29 March: ART-KNOWLEDGE #2
Arts & Health : Debate about artistic research & cultures of care
KNAW & ARIAS
How do the arts and artistic research contribute to knowledge about health, illness and care? Over the past decades, an emerging field of ‘medical humanities’ has increasingly argued for a different perspective on medicine from fields ranging from philosophy and anthropology to sociology and cultural analysis. This evening will show three examples of special ways in which the arts offer a different understanding of patients, doctors and of care as an embodied practice. In the first part of the evening artist Yvonne Dröge Wendel re-examines her award-winning work ‘De Coupé’ (together with Lino Hellings), a passenger train carriage placed in a nursing home in Delft. Ten years after instalment, Dröge Wendel now asks how we should understand the success of this intervention: how is ‘therapeutic value’ measured? Next, artist Ana Maria Gomez Lopez discusses how we can ask new questions about the human body by re-activating histories of medical instruments and by doing self-experimentation. In last part of the evening, anthropologist Rachel Spronk and filmmaker Paul Gomes invite the audience to discuss their work-in-progress of a film installation about surgery, sickness and death. Last year they started filming the daily life of a hospital somewhere at the edge of the world in northern Nigeria. It is an extremely impoverished environment where the hospital somehow manages to survive without structural resources. In their work as filmmaker and scholar, Paul and Rachel are both concerned with the question of representation, that is, how to represent the subjects in their work without falling into stereotypes? Collaborating on this film installation revealed their disciplinary perspectives and the challenge of joining these different ways of working.
With: Yvonne Dröge Wendel, Ana María Gómez López, Rachel Spronk, Paul Gomes
Moderator: Patricia Pisters (University of Amsterdam)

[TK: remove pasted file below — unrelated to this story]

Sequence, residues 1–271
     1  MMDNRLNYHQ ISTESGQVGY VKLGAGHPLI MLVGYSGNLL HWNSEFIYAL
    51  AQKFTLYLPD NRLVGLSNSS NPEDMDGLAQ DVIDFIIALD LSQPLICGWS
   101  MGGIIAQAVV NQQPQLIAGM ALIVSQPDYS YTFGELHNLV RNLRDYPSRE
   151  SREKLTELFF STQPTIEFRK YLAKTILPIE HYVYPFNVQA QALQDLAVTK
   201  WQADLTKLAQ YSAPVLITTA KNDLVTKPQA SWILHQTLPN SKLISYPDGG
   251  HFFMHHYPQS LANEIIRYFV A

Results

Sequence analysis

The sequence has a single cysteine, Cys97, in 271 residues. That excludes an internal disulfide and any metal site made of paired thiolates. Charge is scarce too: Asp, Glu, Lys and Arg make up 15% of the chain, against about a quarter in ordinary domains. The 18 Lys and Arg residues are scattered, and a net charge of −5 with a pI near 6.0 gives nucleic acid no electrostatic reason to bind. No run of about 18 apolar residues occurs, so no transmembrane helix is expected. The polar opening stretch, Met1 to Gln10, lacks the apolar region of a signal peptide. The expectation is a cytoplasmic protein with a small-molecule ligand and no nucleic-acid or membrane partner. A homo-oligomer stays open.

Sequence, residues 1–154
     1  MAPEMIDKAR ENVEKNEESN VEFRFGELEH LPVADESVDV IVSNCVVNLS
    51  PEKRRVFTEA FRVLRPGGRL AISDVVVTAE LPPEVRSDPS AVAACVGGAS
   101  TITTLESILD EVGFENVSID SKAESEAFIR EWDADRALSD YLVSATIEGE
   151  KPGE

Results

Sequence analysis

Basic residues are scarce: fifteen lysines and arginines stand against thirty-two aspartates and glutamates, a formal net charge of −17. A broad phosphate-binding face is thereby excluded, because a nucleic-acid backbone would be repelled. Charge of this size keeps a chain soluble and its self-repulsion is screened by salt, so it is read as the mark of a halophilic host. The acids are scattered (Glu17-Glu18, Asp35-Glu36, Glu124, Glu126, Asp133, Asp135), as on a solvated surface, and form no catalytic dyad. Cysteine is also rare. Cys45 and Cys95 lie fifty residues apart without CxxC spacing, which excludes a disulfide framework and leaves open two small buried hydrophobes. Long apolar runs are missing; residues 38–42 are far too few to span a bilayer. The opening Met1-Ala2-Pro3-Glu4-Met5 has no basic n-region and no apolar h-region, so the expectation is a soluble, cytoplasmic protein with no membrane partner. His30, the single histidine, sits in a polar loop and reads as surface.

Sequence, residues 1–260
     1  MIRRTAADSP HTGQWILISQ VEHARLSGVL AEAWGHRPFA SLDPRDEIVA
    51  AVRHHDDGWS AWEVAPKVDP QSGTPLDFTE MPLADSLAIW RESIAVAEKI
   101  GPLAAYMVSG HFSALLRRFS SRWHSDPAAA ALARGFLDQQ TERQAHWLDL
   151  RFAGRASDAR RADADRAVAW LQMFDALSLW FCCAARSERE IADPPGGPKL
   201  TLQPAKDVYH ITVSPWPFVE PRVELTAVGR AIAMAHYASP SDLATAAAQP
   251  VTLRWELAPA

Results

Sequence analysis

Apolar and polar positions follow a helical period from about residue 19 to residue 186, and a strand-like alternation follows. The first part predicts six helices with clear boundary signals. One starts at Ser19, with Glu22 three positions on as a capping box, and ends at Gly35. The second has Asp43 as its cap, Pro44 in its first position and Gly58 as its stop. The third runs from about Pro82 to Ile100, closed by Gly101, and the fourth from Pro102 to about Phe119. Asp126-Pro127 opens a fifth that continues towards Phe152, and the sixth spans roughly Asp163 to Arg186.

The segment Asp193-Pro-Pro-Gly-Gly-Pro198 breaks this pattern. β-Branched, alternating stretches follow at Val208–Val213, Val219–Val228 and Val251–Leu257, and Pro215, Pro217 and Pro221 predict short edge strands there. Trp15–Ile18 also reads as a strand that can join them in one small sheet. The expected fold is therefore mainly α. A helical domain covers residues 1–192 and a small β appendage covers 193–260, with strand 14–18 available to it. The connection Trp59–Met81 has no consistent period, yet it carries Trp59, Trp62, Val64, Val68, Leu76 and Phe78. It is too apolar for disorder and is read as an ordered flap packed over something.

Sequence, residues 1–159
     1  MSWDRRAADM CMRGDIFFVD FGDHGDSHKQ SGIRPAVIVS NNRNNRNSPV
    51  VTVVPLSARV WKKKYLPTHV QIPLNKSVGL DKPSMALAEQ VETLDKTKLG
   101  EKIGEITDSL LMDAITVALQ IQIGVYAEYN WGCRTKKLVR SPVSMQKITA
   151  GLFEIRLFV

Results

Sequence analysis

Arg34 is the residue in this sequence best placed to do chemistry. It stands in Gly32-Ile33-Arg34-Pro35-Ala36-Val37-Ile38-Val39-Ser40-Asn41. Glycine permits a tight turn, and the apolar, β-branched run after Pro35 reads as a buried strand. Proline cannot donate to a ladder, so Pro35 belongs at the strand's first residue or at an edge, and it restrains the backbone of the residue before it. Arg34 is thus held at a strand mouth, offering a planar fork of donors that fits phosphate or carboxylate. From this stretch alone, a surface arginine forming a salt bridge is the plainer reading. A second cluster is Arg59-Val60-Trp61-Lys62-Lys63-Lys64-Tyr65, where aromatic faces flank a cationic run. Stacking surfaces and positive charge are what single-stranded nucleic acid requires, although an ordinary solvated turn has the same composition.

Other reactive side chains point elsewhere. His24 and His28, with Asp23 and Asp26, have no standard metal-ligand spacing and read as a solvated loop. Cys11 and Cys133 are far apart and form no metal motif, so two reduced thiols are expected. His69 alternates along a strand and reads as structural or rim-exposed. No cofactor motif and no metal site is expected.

Yvonne Dröge Wendel lives and works in Amsterdam. She is trained at the Gerrit Rietveld Academie in Amsterdam and was an artist in residence at the Rijksakademie in Amsterdam (1993-1994) and Delfina Studios in London (2002-2003). She is currently working on a PhD artistic research project at the University of Twente. She is also head of the department of Fine Arts at the Gerrit Rietveld Academie. She publishes art books, features frequently in solo and group exhibitions, and engages on a regular basis with the public in public spaces. In 1994 she won the Prix de Rome in the fine arts and theatre and in 2016, the Dr. A.H. Heinekenprijs.
Ana Maria Gomez Lopez is currently a resident artist at the Rijksakademie van beeldende kunsten in Amsterdam. In her work, she treads the precarious balance between scientific self-experimentation and historic investigation to question limits in the concept of life cycles. She completed her MFA at the Yale University School of Art, as well as undergraduate and master’s degrees in anthropology at the University of Pennsylvania. She has carried out artist residencies at the Skowhegan School of Painting and Sculpture, the Beinecke Rare Books and Manuscripts Library, and the Max Planck Institute for History of Science. In 2015, she was the recipient of the Premio Nacional de Artes (National Award in the Arts) from the Universidad de Antioquia in Colombia.She is currently a researcher in residence at the Rijksmuseum Boerhaave in Leiden.